The low percentage of women in science, technology, engineering, and mathematics (STEM) careers is often attributed to men being believed to be better at the sort of thinking those fields require. Though several studies have debunked the myth, they have largely been based on results acquired from various standardized tests. Now, researchers from Pennsylvania's Carnegie Mellon University have found evidence that is hard to overlook: brain scans proving that young girls and boys use the same mechanisms and networks in the brain to solve math problems.
The groundbreaking neuroimaging study to evaluate the biological gender differences in the math aptitude of young children was led by the university's professor of neuroscience, Jessica Cantlon. For their study, the team selected 104 young children, between 3 and 10 years old, split almost equally by gender. The scientists used a functional MRI to observe their brain activity as they engaged in math tasks. These included watching age-appropriate educational videos —including clips from Sesame Street — and doing math exercises such as counting and addition, as well as reading for comparison.
"We looked at which areas of the brain respond more strongly to mathematics content in the videos and tasks, compared to non-math content like reading or the alphabet. So you can define the math network that way by looking at regions that respond more strongly," Cantlon said. "When we do that in little girls, we see a particular network of the brain (respond), and when we do that same analysis in boys, we see the exact same regions." She adds, "You can overlay the network from girls on top of the network from boys, and they are identical."
The researchers, who published their findings in the journal Science of Learning on November 8, 2019, also found no difference in math ability between genders when they compared the results of a standardized math test for 3- to 8-year-old children from 97 participants.
So why do girls and young women tend to avoid math and STEM careers in general? Cantlon believes it may have to do with societal and cultural biases. Previous studies have indicated that the unconscious prejudice begins at home, with parents spending more time with young boys in play that involves spatial cognition — such as toys that entail learning number skills and shapes and solving puzzles. The researcher thinks girls pick up on the cues from their parents' expectations for math abilities, and start to believe they are not good at the subject. Educators were also observed to show a similar bias by spending more time with boys during math class.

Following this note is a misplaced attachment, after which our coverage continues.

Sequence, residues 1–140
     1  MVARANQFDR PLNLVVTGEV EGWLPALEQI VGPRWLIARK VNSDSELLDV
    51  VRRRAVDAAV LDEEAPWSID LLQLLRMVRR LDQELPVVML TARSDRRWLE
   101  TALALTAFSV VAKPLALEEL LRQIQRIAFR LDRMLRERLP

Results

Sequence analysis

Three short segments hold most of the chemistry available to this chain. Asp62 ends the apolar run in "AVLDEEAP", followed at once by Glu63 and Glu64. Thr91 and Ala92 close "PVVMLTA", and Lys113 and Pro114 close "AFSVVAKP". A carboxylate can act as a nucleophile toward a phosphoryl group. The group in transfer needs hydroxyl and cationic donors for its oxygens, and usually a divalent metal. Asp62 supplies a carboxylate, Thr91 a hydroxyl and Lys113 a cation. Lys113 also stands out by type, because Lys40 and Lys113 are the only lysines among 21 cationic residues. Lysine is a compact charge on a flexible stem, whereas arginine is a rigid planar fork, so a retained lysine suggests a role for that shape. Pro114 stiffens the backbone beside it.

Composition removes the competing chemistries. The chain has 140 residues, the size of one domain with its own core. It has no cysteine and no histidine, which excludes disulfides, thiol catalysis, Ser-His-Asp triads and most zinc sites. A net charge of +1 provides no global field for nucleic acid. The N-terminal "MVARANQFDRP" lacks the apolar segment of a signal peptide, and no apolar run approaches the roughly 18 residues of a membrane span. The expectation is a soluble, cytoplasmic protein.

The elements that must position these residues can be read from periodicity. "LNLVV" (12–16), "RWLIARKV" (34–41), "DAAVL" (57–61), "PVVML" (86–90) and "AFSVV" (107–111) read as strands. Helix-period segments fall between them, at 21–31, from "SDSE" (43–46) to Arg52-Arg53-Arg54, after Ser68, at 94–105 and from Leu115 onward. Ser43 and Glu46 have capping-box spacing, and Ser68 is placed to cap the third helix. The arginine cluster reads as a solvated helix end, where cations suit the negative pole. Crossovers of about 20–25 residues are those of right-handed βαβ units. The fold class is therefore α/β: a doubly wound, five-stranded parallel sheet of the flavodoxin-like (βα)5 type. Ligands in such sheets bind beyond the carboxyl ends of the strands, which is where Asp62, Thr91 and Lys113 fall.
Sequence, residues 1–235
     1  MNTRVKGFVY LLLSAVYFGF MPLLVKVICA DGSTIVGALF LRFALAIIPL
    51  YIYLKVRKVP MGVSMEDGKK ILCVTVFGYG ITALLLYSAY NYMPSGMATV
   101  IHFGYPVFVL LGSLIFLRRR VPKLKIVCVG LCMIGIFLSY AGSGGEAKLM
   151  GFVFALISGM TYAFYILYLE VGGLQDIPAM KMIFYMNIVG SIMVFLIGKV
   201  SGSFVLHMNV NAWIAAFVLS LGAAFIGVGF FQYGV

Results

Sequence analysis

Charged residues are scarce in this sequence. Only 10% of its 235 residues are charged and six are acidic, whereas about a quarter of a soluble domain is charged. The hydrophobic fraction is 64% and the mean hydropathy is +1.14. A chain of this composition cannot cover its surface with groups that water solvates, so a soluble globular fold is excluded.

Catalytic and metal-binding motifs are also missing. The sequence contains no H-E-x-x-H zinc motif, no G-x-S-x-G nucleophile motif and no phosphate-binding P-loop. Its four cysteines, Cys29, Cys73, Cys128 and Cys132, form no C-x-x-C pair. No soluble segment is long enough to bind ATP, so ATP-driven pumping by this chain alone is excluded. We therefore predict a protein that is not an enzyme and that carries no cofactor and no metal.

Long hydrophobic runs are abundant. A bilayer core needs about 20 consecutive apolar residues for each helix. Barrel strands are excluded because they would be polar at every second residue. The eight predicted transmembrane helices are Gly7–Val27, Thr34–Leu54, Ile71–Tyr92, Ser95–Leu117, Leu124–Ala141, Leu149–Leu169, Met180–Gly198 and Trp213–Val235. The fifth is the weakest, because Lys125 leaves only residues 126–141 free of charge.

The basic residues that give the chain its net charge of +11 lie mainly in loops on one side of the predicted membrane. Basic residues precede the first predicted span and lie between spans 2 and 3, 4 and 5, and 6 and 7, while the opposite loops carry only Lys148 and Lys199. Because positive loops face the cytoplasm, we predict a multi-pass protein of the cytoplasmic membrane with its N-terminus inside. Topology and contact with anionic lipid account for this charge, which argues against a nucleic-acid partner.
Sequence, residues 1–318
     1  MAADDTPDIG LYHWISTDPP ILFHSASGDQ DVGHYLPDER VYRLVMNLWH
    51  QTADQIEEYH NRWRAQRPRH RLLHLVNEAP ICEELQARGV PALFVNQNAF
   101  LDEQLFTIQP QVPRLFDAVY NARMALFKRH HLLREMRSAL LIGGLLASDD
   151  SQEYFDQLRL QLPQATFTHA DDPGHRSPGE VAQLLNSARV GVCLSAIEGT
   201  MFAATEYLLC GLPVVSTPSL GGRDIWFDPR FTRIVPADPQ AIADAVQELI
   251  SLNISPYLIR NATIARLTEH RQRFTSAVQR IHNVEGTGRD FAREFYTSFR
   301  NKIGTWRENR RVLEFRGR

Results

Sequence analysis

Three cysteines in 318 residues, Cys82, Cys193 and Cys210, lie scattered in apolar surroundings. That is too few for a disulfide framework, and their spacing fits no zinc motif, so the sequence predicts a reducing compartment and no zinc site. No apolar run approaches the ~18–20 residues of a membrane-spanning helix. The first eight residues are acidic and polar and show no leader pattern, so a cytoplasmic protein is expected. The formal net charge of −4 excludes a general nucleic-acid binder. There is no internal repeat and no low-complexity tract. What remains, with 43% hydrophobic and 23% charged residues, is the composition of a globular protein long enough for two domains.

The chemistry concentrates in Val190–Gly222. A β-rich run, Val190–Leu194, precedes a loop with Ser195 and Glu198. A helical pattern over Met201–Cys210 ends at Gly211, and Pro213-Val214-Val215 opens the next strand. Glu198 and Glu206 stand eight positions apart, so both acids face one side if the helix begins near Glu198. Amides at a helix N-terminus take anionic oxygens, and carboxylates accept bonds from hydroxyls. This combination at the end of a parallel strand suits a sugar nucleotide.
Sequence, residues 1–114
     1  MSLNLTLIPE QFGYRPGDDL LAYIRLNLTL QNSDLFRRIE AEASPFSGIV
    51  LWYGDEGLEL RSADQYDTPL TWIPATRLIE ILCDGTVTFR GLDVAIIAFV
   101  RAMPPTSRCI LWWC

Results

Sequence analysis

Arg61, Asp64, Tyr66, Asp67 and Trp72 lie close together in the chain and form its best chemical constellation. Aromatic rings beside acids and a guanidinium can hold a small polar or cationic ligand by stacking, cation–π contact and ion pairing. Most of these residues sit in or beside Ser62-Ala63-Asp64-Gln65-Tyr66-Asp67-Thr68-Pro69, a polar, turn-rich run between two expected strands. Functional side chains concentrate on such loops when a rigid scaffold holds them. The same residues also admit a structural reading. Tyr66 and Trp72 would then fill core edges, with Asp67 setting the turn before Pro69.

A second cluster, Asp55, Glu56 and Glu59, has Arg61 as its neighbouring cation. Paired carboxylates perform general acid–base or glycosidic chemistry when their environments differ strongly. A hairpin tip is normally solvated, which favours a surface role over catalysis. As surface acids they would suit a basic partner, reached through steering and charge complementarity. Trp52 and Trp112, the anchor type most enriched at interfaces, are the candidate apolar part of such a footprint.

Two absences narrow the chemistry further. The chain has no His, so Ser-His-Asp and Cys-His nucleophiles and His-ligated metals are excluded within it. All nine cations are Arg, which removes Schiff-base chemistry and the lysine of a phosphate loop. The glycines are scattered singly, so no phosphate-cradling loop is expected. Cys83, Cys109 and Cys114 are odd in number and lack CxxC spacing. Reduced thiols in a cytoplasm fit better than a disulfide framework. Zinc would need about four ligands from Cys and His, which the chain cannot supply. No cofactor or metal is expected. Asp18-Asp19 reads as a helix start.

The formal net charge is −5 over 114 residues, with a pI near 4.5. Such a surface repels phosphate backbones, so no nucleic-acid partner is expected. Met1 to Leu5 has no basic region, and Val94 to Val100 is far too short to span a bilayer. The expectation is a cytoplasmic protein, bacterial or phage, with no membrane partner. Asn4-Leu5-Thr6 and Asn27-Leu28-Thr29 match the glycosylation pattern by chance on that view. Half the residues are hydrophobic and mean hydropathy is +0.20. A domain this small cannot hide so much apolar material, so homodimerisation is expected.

"Typical socialization can exacerbate small differences between boys and girls that can snowball into how we treat them in science and math," Cantlon said. "We need to be cognizant of these origins to ensure we aren't the ones causing the gender inequities."
David Geary, a psychologist at the University of Missouri who conducted a separate gender gap study, found that affluence may also be a factor. His research, using an international database on adolescent achievement in science, mathematics, and reading, indicated that females in wealthier, more progressive countries like the US, shied away from pursuing STEM degrees. Geary believes the reason could be because women in these countries do not have the same pressures to enter a field that promises a lucrative career. They, therefore, choose to pursue careers in subjects they find more interesting.
St. John's University's Erin Fahle came to a similar conclusion when she researched the issue. The assistant professor at the School of Education says that when she looked at the results of test scores from all US school districts combined, there was no discernable difference in the math abilities between boys and girls. However, when she separated out the more affluent school districts, boys did better at the subject than girls.
Though the researchers may offer several reasons for why girls avoid STEM subjects, they all agree that mental capacity is not one of them! Hopefully, the findings will encourage more girls and young women to start thinking about pursuing futures in STEM.